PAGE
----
Published online by Cambridge University Press: 05 June 2012
An appeal system is necessary to perform a variety of functions. One is to provide an opportunity for the disappointed litigant to test the validity of the decision at first instance. A second is to allow the court ‘to correct an error, unfairness or wrong exercise of discretion which has led to an unjust result’. A third purpose of the appeal system is to preserve some measure of uniformity in the decisionmaking of lower courts. The doctrine of precedent is an important aide in this process. Lower courts are encouraged and in some circumstances are required to follow the indications of the higher courts on matters of law and practice, the assessment of damages and even fact-finding. A fourth function of the appeal court is to keep the law abreast of changing circumstances. A fifth reason is to promote public confidence in the administration of justice.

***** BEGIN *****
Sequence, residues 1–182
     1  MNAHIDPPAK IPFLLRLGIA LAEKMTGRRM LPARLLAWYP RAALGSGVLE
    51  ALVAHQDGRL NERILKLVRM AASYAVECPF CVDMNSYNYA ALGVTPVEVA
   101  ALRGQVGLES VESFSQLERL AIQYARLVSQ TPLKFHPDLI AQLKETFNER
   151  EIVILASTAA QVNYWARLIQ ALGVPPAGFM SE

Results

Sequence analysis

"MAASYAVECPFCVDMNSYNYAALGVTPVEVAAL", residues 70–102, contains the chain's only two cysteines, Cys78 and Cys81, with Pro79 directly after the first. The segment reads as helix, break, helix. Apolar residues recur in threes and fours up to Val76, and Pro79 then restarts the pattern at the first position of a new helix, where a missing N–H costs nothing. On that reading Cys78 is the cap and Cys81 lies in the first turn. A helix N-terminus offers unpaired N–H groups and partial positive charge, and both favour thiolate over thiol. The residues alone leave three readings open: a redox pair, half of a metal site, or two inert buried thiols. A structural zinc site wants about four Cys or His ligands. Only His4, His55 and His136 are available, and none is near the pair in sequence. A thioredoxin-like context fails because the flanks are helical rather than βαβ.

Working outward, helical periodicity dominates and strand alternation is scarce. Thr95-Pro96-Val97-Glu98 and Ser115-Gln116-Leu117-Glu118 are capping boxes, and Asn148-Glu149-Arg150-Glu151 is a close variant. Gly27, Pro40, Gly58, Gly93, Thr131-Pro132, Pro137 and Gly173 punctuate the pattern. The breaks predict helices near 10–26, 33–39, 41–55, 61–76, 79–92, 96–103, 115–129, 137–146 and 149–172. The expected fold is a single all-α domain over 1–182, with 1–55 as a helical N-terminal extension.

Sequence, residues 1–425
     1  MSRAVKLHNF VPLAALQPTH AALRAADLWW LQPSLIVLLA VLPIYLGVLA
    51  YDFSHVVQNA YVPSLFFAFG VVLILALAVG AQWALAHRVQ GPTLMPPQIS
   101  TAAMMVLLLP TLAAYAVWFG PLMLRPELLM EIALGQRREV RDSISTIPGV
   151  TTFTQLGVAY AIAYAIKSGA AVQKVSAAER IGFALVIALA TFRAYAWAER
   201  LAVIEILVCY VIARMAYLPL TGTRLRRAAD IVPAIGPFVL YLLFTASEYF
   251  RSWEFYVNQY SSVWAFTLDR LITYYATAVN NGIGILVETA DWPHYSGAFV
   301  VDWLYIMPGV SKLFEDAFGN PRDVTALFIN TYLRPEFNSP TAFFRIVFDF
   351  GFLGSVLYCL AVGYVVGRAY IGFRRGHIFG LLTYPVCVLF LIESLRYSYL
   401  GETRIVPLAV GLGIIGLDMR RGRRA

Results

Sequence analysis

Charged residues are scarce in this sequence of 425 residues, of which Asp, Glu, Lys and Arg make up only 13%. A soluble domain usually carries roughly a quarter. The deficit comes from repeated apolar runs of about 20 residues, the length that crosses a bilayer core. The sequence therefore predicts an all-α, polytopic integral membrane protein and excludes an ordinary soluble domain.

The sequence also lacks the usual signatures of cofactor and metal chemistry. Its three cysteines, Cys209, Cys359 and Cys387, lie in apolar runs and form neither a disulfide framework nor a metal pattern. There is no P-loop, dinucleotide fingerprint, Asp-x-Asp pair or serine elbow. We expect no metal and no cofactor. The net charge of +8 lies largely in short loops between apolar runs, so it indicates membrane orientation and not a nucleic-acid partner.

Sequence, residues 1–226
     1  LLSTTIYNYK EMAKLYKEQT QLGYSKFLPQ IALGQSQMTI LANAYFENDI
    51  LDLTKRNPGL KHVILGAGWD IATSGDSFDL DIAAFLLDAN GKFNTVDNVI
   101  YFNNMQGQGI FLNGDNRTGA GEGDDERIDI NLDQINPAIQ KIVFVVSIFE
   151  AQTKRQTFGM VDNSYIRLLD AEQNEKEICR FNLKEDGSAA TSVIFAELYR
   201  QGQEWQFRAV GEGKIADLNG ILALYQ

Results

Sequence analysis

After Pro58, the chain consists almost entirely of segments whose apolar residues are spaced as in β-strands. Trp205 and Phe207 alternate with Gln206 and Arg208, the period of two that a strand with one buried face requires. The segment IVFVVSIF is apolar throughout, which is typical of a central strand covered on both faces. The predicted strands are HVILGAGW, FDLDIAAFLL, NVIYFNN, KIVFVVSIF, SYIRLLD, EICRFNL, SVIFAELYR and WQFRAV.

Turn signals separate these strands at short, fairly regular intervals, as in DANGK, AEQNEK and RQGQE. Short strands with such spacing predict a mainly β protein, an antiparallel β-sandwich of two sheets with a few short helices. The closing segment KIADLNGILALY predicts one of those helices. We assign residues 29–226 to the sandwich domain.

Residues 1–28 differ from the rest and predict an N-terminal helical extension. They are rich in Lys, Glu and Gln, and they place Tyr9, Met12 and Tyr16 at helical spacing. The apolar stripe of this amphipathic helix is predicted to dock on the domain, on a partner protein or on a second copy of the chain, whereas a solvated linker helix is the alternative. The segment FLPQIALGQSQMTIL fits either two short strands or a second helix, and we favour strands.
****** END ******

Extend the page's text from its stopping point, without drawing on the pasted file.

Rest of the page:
In the earliest days of the system the appeal process was exceedingly limited. In civil cases, procedure was by writ of error and the basis of the appeal was that there was some error appearing on the face of the record. Since only certain things appeared on the record there were many issues on which no appeal was possible. Later the courts allowed each party to move a Bill of Exceptions, in which the trial judge was asked to note that a particular point had been rejected by the judge and this was then treated as part of the record for the purpose of an appeal.